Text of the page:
Marshall, our other protagonist is a total sweetheart, but he's pretty successfully running his life into the ground towards the start of the book. With a very turbulent home life and no real support from anyone, he knows he's unlikely to be able to go to college after high school and so he doesn't even try to pass his classes. Much of his days and nights are spent in a haze of intoxication and it's only when he realises that the night time visits from Waverly are somehow real and she starts to really question him and his motives, that he starts to consider changing the destructive path he's chosen to fling himself down.

While some people may say this is a fantasy novel, I don't really think it is. Yes, it has one very strange supernatural element (which we are never given any explanation for), but it's really just a macguffin to get Waverly and Marshall, so different on the surface, to spend more time together, so they can get to know the other's real self. The personas they inhabit in high school are very different from the people they can be when there's just the two of them, in Waverly's strange maybe-dreams. As they grow closer, though, and it becomes clear that they may become more than friends, that's when things get really complicated.

After all, Waverly has worked very hard to appear flawless and perfect and have impeccable social standing at school. She cannot openly associate herself with Marshall, who while he stops doing drugs and starts turning his life around, still has an undeniable loser reputation. While Waverly doesn't even like Maribeth anymore and has started to realise just how much she's being used, years of knowing she's different makes her fear being an outcast all the more. Getting to know the enigmatic and colourful Autumn helps her to see that her life could be different, but Waverly struggles for the longest time to break out of the patterns she's been used to.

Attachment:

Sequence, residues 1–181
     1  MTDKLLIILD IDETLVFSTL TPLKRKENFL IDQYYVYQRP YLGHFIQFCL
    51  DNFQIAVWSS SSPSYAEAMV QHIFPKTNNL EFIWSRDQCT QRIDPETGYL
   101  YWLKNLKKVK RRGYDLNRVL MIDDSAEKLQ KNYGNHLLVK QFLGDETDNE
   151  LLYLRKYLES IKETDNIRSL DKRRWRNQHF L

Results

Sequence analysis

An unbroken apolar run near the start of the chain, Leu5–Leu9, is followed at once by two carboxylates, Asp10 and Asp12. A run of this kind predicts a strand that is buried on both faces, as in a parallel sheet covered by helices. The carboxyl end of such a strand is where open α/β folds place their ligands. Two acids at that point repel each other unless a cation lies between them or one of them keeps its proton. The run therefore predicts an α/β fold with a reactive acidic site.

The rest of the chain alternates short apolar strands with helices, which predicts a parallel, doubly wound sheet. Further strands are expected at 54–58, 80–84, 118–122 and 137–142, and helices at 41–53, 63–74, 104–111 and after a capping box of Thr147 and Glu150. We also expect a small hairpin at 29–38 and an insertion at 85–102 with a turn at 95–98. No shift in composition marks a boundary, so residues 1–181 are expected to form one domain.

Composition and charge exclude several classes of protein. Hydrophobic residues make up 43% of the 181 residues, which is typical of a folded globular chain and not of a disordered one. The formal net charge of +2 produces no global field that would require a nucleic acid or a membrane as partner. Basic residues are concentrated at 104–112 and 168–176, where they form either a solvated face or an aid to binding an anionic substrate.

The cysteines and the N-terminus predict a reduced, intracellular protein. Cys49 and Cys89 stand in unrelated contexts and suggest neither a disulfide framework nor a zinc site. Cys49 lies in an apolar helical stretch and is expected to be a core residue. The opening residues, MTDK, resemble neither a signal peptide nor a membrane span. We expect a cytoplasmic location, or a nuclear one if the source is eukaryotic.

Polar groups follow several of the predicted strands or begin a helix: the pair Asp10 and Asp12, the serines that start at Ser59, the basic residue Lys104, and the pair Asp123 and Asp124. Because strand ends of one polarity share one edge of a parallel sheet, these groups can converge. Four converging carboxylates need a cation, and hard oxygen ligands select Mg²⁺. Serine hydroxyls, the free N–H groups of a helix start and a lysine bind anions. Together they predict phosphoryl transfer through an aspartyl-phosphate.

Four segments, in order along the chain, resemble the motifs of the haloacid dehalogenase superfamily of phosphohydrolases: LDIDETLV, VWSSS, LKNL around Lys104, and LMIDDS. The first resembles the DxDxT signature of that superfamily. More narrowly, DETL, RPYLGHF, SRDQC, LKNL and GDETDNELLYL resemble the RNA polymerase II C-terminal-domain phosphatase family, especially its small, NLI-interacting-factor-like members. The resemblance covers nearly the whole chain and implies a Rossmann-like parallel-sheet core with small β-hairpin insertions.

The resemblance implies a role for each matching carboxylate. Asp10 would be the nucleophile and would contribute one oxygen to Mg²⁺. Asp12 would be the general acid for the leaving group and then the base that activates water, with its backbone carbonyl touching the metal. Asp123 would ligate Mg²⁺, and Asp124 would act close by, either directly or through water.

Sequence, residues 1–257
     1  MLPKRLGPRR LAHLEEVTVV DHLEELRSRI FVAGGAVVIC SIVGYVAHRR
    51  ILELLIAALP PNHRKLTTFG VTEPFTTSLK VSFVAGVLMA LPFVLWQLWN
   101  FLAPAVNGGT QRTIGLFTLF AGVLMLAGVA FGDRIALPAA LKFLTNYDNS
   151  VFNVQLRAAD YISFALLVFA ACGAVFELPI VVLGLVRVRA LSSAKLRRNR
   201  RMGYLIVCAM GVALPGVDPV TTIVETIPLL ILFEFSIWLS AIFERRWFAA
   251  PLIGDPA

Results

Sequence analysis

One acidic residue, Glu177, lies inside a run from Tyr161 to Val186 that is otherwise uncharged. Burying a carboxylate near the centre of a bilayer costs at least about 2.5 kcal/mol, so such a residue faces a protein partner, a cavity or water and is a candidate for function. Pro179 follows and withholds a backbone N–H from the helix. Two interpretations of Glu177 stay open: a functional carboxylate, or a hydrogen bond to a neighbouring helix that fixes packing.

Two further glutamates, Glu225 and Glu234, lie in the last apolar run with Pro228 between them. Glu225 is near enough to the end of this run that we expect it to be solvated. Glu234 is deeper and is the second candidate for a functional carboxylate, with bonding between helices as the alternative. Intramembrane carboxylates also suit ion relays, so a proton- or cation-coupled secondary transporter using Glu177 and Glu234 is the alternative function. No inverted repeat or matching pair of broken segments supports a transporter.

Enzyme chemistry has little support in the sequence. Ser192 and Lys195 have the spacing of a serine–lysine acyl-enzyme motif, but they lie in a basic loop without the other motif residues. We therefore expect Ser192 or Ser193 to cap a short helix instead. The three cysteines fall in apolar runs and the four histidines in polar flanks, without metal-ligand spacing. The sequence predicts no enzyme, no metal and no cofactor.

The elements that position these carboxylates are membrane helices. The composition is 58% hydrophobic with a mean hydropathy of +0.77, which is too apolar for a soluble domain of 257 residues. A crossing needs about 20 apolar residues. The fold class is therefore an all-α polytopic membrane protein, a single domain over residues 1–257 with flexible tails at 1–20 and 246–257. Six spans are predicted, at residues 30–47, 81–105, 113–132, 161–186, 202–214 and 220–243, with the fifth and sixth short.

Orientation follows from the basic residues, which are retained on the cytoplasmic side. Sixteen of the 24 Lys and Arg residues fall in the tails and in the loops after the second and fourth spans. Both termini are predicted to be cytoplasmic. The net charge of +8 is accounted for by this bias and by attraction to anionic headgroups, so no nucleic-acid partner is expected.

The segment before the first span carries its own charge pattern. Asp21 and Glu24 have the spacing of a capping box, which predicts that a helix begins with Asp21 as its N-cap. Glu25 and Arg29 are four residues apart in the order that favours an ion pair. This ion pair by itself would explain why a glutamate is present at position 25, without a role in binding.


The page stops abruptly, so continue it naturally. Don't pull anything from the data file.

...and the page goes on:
I'm not sure this book is for everyone. Yovanoff does write in a slightly mannered way that I think could annoy some people. Waverly really is a spiky and very difficult to like heroine, but you get a very clear idea of how and why she's turned out the way she has. Marshall is an absolute darling and I wanted only good things for him. Autumn is also a delight, and Maribeth was a pretty good antagonist, if not quite up to the levels of Regina George or the Heathers. If you want a complex and interesting YA book, full of high school intrigue, with a slight supernatural element and some romance, on the other hand, this may be a good book for you. I know I'm going to be checking out more of Ms. Yovanoff's writing in the future.

Judging a book by its cover: I really don't like this cover much, it's so incredibly generic and has absolutely nothing to do with anything in the book. The pastel pink and peach colour scheme (seems to be labelling this a GIRL book, which it most certainly is not), the teens apparently falling. The nonsensical tagline "Follow me and disappear". I have no idea what the cover designer/publisher meant by that. I would never in a million years have picked this book up based on the cover, and I would have lost out on a really interesting reading experience. I hope for Ms. Yovanoff's sake that this book gets re-issued with a better, more appropriate cover.

Crossposted on Cannonball Read.